Just like their human parents, dogs can suffer from a number of emergency medical conditions. However, one medical condition that dog parents aren’t aware their pooches can suffer from is stroke due to its rareness. So, can dogs have a stroke?
Yes, dogs can suffer strokes, even though strokes occur less frequently in dogs than in humans. Canine stroke is caused either by the absence or the presence of too much blood in the pooch’s brain, with both conditions depriving the dogs’ brains of much-needed oxygen. Hence, the ability to recognize stroke symptoms will save your dog’s life.
Due to the rarity of this medical condition, it can be a challenge to determine whether or not your pooch is suffering from a stroke. However, the symptoms of canine stroke that are detailed in this article are sure to give you a head-start, even though you would have to get a proper medical diagnosis to treat this medical condition.
Also, not knowing what to do while your dear Fido suffers a stroke can be a real bummer, which is why we’ve also included some practical steps you can take while your canine buddy is experiencing a stroke. However, before we delve into all this, let’s see why dogs can develop a stroke.
Can Dogs Have A Stroke?
Yes, dogs, just like humans, can suffer a stroke. Although, it has to be said that strokes occur less frequently in dogs than they do in humans.
Canine stroke is a rare medical condition that occurs when there’s a loss of proper blood flow to a pooch’s brain, which results in the development of several adverse effects.
Symptoms of canine stroke are closely related to what may be observed in humans, although for obvious reasons, dogs don’t suffer the slurred speech or memory loss associated with human stroke.
Regardless, canine stroke, also known as a cerebrovascular accident, remains a serious medical condition requiring professional medical attention.
And the fact that symptoms of a canine stroke are similar to those observed in other dog health conditions, such as inner ear infections and idiopathic vestibular disease, coupled with the rarity of the disease, is why proper medical diagnosis is needed to identify and treat cases of canine stroke.
What Dogs Are Most Likely To Have A Stroke?
All dog breeds, no matter how healthy, can suffer from a stroke. However, according to a study published by the American Animal Health Association (AAHA), pooches with a history of certain medical conditions are at a higher risk of developing a stroke.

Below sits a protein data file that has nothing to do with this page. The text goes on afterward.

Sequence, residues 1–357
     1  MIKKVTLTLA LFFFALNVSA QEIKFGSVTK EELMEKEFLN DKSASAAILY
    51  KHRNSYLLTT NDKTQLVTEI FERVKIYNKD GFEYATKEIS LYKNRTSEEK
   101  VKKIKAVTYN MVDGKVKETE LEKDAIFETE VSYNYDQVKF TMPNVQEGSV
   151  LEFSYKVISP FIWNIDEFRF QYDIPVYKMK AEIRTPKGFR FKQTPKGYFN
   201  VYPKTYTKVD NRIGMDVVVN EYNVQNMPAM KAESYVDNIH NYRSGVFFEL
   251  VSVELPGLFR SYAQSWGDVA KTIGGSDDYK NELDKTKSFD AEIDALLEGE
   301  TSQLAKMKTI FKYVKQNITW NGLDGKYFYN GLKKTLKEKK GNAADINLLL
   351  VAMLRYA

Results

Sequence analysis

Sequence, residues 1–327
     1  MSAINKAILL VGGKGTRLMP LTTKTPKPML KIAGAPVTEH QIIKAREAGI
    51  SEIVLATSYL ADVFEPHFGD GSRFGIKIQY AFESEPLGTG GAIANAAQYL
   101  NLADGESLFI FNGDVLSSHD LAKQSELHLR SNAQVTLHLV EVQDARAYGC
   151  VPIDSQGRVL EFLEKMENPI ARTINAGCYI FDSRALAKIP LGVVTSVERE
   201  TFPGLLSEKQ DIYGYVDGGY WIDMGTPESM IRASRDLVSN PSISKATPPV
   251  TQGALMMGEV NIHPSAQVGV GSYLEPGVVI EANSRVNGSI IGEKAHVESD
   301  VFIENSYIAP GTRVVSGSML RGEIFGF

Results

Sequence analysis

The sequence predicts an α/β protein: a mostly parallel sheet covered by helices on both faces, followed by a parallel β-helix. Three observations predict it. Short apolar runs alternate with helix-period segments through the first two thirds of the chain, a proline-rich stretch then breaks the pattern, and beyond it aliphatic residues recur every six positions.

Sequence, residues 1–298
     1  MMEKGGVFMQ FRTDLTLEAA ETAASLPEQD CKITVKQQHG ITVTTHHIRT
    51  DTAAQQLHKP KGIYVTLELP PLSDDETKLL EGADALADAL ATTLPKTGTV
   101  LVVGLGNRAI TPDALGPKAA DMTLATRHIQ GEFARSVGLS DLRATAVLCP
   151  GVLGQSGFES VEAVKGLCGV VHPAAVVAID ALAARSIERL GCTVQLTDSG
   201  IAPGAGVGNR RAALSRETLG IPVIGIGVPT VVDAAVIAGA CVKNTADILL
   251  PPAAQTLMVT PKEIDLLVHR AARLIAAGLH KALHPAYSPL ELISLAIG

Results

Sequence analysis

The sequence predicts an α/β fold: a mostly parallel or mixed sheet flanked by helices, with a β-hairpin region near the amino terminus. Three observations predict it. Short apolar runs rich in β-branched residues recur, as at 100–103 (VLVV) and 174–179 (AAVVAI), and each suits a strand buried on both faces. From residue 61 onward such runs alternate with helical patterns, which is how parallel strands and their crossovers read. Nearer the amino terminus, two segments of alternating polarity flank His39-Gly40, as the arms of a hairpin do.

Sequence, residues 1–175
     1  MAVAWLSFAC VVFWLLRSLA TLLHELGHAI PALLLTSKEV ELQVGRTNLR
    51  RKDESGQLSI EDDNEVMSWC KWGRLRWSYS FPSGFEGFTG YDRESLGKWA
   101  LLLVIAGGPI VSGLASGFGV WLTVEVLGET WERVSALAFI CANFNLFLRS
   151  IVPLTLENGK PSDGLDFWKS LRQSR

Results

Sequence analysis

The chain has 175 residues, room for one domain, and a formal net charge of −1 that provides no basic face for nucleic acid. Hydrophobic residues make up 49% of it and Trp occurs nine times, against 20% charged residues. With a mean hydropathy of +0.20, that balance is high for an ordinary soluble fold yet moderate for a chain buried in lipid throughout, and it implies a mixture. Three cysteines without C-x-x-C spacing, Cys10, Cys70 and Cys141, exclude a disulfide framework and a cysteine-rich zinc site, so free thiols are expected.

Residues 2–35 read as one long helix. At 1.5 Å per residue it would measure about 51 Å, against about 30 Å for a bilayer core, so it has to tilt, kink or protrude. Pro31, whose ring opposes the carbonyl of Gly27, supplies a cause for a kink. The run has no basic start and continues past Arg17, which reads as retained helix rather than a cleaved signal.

Additionally, while canine stroke isn’t breed-specific, dog breeds, such as the King Charles Cavalier Spaniels and Greyhounds, with a high rate of heart disease, are at a higher risk of developing and suffering from strokes.
Also, as with humans, older dogs are generally at a higher risk of suffering from a stroke, but this doesn’t mean that puppies and relatively younger dogs are completely exempt from this medical condition.
What Causes Stroke In Dogs?
Canine stroke is mostly caused by obstruction of the pooch’s blood vessels or bleeding in the dog’s brain.
Obstruction Of Blood Vessels
The most common causes of strokes in dogs occur when vessels supplying blood to a pooch’s brain become blocked, either due to a narrowing or an obstruction, thereby resulting in damage to brain tissues.
This form of canine stroke is known as an ischemic stroke, and it typically results in a dog’s brain being deprived of blood and oxygen.
Ischemic stroke, due to the obstruction of a pooch’s blood vessels, occurs due to several medical conditions, with the most common examples of these health issues including:
- Hyperlipidemia, a condition which is characterized by an abnormally high concentration of fats in a dog’s blood
- An increase in blood velocity
- Clogging of arteries by tumors or parasites
- Congenital clotting diseases
- Abnormal development of blood vessels
Bleeding In The Dog’s Brain
Apart from obstruction of blood vessels, another main cause of stroke in dogs is excessive bleeding in the pooch’s brain, and this is typically referred to as a hemorrhagic stroke.
A hemorrhagic stroke typically happens due to broken blood vessels, with blood either leaking within the dog’s brain or filling the space between a pooch’s brain and skull.
Unlike ischemic stroke, which occurs as a result of a pooch’s brain being deprived of blood, hemorrhagic strokes are characterized by the presence of too much blood in a dog’s brain.
However, both the ischemic and hemorrhagic strokes in dogs are similar in the sense that they both deprive a pooch’s brain of sufficient oxygen.